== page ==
NT Customer

 

 

 

 

 

 

Distinguished Correspondent
floridaphil
Posts: 86
Registered: ‎12-21-2011

Re: Dear Barnes & Noble

If an enhanced eReader doesn't suit your needs, just return it and get a real tablet. Seriously. This topic has been discussed to death. The decision is made, the fix is in, move on. 

 

You'll thank me for keeping you sane - unless you actually LIKE fighting to retain root as the devs and B&N duke it out. If so, then there is nothing more to be said. It's up to you.

 

 

 

 

 

 

Inspired Correspondent
Eustace2
Posts: 64
Registered: ‎01-06-2012

Re: Dear Barnes & Noble

Don't give up the fight!  I am rooted and blocked OTA for now.  B&N may yet find their way and do the right thing.  If not, their greed and short-sighted decision making will ruin a great device.  

"With Android for Nook, I am a real tablet." The Nook Pinocchio.
Frequent Contributor
Rebeljt
Posts: 28
Registered: ‎12-30-2011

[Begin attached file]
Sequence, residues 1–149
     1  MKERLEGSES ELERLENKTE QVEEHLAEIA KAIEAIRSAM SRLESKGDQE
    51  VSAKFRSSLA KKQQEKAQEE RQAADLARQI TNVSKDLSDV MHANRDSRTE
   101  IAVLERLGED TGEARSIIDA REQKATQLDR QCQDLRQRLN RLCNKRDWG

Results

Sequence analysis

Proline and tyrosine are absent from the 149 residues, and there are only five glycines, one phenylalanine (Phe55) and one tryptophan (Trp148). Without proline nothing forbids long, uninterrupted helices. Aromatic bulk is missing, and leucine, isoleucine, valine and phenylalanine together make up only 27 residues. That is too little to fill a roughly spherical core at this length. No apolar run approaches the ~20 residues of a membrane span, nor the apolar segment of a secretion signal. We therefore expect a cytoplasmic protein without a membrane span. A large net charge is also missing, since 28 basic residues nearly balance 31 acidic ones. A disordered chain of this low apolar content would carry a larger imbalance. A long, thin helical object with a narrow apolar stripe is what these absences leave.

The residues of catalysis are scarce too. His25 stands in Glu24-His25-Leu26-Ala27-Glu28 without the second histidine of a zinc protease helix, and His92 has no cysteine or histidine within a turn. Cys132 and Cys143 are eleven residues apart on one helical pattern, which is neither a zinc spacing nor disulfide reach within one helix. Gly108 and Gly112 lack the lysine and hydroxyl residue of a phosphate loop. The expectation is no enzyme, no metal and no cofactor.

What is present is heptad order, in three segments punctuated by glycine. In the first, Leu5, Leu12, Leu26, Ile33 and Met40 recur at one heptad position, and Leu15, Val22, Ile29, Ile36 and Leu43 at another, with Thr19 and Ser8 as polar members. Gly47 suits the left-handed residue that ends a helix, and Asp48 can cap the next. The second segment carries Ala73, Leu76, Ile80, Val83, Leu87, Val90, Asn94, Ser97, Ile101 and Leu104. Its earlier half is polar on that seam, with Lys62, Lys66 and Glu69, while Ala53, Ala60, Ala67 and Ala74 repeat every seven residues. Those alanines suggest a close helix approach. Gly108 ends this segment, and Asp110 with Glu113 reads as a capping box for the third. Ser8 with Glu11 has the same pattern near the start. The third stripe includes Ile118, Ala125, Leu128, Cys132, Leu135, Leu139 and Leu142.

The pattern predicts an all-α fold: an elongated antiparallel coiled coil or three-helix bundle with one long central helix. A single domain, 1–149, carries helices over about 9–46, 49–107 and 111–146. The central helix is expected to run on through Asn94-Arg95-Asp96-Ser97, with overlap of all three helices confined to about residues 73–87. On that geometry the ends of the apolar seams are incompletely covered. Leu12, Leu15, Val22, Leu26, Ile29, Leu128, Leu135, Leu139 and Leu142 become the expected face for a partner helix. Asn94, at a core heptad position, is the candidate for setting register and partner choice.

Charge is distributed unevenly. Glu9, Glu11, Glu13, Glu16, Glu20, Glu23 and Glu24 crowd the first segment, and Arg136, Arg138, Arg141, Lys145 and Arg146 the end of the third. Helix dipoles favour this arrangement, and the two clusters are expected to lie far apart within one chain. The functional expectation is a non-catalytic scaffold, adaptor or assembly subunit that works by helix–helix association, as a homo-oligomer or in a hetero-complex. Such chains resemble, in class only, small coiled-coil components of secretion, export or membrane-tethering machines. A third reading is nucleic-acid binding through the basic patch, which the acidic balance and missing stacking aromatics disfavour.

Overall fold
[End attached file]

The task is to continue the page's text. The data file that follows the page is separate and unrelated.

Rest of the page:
Re: Dear Barnes & Noble


Eustace2 wrote:

"I want to be real tablet." The Nook Pinocchio.



You made my LOL!

 

JT 

 

Don't call it a tablet. 

Frequent Contributor
COBHC
Posts: 75
Registered: ‎11-30-2011

Re: Dear Barnes & Noble

the nook tablet is not a tablet is an e reader to read books basically and that's it, if you want a real tablet get the ipad and period :smileylol:

my hate is constant and sharp and i do not hope for a better world for anyone in fact i want my pain to be inflicted on others
Inspired Correspondent
Eustace2
Posts: 64
Registered: ‎01-06-2012

Re: Dear Barnes & Noble